What I didn’t mention then, however, is that long before Nick Hornby wrote his book — including the characters Rob, Dick and Barry, the owner and two employees of a record store, three hardcore music geeks who spend their downtime compiling Top Five lists of albums, songs, opening songs on albums, etc. — I was one of those characters.
While I didn’t work in a record store, it seemed I spent half my life in record stores, and my friends and I, starting in the early 1980s, 15 YEARS before High Fidelity was published, regularly rattled off our Top Five and Top Ten lists to each other, struggling to make the right choices, beating ourselves up or teasing each other over careless, obvious omissions…
Well, gulp, 30 plus years later, while we don’t exchange our lists nearly as often, they still spontaneously erupt from time to time, and just last night there was one such eruption. Here now is an excerpt from our discussion, edited for flow and clarity, which took place via text messages and emails, and if this doesn’t remind you of High Fidelity you either didn’t read/see it, or you weren’t paying attention. (BTW, 4708 was an address where we lived together back in 1989 or so.)
Keith: Dear Boys of 4708: If you had the chance to request and listen to front and center one song to be played by Pete Townshend, solo acoustic, what would it be?
Me: One song?! Impossible! Unheard of! Absurd! Instead, here are my Top Five off the top of my head, in no particular order, while retaining the right to add and subtract unlimited times for the rest of my life: 1. The Shout; 2. The Sea Refuses No River; 3. Drowned; 4. Blue Red & Grey; 5. Heart To Hang Onto…
Me: …6. Keep Me Turning; 7. I Am An Animal; 8. The Seeker; 9. Stop Hurting People; 10. So Sad About Us.
Mike: First of all, Keith and I were talking earlier tonight and your list of Townshend songs blew us away! We were saying that, in the future, we need some warning if you’re going to pull out the big guns like that. I mean, The Sea Refuses No River? Acoustic??? It may be TOO brilliant for my pee-sized brain to comprehend. Pure genius.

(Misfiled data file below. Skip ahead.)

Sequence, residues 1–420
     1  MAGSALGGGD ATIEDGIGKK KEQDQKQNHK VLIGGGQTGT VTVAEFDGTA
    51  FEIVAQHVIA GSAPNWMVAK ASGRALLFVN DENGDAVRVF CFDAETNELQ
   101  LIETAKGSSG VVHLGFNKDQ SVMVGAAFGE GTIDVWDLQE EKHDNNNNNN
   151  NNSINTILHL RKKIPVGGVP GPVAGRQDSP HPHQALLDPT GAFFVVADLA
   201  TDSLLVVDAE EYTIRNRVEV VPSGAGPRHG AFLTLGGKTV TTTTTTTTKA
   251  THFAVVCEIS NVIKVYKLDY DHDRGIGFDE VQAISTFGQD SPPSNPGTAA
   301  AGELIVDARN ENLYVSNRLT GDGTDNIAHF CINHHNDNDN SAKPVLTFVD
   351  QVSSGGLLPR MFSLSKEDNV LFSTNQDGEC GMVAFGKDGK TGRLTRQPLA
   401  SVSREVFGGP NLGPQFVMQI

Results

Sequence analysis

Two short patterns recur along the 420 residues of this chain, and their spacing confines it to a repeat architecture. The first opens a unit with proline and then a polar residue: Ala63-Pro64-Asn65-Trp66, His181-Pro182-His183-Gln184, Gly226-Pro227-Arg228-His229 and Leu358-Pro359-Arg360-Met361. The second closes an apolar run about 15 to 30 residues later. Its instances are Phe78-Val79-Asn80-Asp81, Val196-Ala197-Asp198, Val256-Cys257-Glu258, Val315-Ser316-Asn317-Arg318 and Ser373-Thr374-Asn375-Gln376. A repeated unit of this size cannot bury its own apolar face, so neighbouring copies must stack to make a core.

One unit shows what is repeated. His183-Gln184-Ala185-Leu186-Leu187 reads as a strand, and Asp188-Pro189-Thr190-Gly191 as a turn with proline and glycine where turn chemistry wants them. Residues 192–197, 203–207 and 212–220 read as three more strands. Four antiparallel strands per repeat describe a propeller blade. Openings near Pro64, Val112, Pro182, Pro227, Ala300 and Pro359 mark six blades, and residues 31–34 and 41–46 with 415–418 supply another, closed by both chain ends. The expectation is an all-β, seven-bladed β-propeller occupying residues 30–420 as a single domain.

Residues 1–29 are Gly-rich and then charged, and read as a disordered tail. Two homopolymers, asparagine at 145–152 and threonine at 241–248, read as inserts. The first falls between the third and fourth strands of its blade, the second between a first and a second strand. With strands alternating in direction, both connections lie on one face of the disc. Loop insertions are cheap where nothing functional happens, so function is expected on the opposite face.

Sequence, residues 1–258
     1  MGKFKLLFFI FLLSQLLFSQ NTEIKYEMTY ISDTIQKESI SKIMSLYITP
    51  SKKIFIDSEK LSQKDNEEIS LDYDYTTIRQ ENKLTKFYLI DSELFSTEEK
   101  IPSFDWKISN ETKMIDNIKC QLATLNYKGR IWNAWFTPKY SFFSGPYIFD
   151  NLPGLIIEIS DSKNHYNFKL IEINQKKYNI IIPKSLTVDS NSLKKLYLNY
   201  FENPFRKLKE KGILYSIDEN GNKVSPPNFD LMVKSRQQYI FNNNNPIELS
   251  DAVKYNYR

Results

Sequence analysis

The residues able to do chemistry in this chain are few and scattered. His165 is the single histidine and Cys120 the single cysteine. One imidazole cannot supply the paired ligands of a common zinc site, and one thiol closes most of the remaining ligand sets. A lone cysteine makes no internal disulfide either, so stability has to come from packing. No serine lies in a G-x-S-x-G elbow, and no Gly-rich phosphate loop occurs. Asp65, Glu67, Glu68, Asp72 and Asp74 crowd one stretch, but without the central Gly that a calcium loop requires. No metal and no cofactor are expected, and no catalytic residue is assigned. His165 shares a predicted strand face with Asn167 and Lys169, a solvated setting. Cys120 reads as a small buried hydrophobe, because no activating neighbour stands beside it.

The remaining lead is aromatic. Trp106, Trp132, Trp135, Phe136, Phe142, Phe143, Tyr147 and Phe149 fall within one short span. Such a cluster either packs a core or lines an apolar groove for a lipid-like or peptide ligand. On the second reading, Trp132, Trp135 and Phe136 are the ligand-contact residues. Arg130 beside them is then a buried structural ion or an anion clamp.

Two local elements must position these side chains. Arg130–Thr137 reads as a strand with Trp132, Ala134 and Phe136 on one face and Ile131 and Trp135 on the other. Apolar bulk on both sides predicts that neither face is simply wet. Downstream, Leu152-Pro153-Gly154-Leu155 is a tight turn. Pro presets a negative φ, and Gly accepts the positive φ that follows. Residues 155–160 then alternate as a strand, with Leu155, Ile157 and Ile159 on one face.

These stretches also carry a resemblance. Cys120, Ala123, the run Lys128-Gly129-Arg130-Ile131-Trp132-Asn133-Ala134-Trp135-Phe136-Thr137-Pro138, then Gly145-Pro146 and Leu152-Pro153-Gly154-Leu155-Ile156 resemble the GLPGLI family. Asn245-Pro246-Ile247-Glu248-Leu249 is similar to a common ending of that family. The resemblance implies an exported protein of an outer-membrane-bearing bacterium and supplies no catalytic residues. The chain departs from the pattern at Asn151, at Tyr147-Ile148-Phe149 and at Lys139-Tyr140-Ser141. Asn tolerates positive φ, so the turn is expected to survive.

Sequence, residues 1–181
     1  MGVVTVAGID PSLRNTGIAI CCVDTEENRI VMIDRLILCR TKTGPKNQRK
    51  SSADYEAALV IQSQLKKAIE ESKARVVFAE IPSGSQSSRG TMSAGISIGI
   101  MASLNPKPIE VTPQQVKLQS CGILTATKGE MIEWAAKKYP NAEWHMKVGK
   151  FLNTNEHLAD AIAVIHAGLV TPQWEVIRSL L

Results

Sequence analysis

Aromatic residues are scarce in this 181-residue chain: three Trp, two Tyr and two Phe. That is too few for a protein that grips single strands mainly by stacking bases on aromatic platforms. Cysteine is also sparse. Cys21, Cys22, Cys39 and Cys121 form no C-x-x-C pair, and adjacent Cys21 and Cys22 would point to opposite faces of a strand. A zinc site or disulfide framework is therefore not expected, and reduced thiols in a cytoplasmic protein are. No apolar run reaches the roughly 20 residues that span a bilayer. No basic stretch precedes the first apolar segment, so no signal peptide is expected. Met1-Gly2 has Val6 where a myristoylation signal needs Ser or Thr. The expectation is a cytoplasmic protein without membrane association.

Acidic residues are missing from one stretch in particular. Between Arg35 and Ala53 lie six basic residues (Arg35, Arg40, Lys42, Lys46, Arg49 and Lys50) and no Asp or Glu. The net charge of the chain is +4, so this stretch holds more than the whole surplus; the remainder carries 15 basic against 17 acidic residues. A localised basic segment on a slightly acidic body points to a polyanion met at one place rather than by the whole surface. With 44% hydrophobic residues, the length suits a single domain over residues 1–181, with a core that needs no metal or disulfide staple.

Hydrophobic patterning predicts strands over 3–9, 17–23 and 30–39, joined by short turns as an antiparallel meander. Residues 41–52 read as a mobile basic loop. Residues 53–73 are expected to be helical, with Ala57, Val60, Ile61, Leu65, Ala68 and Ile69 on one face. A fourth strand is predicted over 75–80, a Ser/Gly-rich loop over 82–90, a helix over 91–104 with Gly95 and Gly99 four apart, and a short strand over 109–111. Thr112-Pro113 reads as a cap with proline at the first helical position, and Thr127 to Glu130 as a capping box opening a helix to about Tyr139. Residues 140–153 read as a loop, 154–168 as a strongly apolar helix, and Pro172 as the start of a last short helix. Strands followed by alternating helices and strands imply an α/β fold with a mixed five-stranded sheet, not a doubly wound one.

If I had to pick one song, right now, off the top of my head, I might pick After The Fire. The Naked Eye would be up there. Oh, and However Much I Booze. And Substitute is high up there as an all-time favorite. It’s hard to beat, “I was born with a plastic spoon in my mouth.” It’s lines like that that makes me think maybe all humans aren’t completely fucking horrible.
Keith: One child going nuts, the other not going to bed, but here’s my list: 1. The Kids Are Alright; 2. The Seeker (learned, learned); 3. Imagine A Man; 4. A Quick One (available on YouTube in the attic series); 5. The Sea Refuses No River (or any other Ecclesiastes-Townshend collaborations)
I can also go for Sea and Sand…especially at this point in my life…I don’t remember ever hearing Townshend do a version.
Keep Me Turning…nice call! Vegas didn’t see that one on the list.
Me: What can I say? I’m honored and humbled at the same time.
Mike, Naked Eye is inspired! In fact, I now intend to learn to play that song!
Also, Substitute really does hold up in a big, big way. I think of early Beatles songs, classics for sure, but they don’t effect me in nearly the same, deep way that early Who songs do.
Keith: The Naked Eye solo acoustic. Holy Crap. Has it been done? If not, should it be required by law?
Latest headline in the London Times “The Boys of 4708 sue Peter Townshend for not playing The Naked Eye solo Acoustic.”
P.S. I woke up this morning with one thought: How did I forget English Boy?
Me: Keith, I can’t believe I didn’t comment on this last night, so it must be that I was so utterly stunned by your selection that I was left wordless, but…
Imagine A Man?! Absolutely.Brilliant! (BTW, I just wrote that while listening to the version of A Quick One on YouTube that you recommended. Great fun!)
Mike: BTW, Keith, I remember in high school or college you quoting the song Is It In My Head – the line, “I see a man without a problem.” And then you saying, “I want to be a man without a problem.” Ho-ly crap.
You know what? I’m putting that song on my list. My head might explode though if I heard Townshend sing, “I pick up phones and hear my history. I dream of all the calls I miss. I try to number those who love me, and find exactly what the trouble is.”
If you guys need me, I’ll be under the table in a fetal position.
See what I mean?
As a bonus, the following is the song that topped my list, a song that appeared on Townshend’s 1987 album Another Scoop, a compilation of demos and outtakes. This is the last song on Side B of the second record of this two-record LP, it’s a gorgeous meditation on love, with the guitar in some kind of open tuning, there’s a distinct Eastern flavor with all the drone strings droning, and it still gives me chills: